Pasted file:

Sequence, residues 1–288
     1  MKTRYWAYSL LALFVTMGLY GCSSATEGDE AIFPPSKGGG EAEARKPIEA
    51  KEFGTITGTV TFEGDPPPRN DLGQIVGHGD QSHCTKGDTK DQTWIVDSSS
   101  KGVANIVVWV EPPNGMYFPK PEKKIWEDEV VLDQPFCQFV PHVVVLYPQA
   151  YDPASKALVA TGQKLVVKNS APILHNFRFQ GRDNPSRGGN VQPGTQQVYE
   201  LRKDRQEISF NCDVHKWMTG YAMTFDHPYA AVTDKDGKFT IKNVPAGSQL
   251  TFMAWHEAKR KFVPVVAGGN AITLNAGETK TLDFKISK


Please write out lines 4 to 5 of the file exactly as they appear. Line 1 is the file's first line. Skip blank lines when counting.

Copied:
   101  KGVANIVVWV EPPNGMYFPK PEKKIWEDEV VLDQPFCQFV PHVVVLYPQA
   151  YDPASKALVA TGQKLVVKNS APILHNFRFQ GRDNPSRGGN VQPGTQQVYE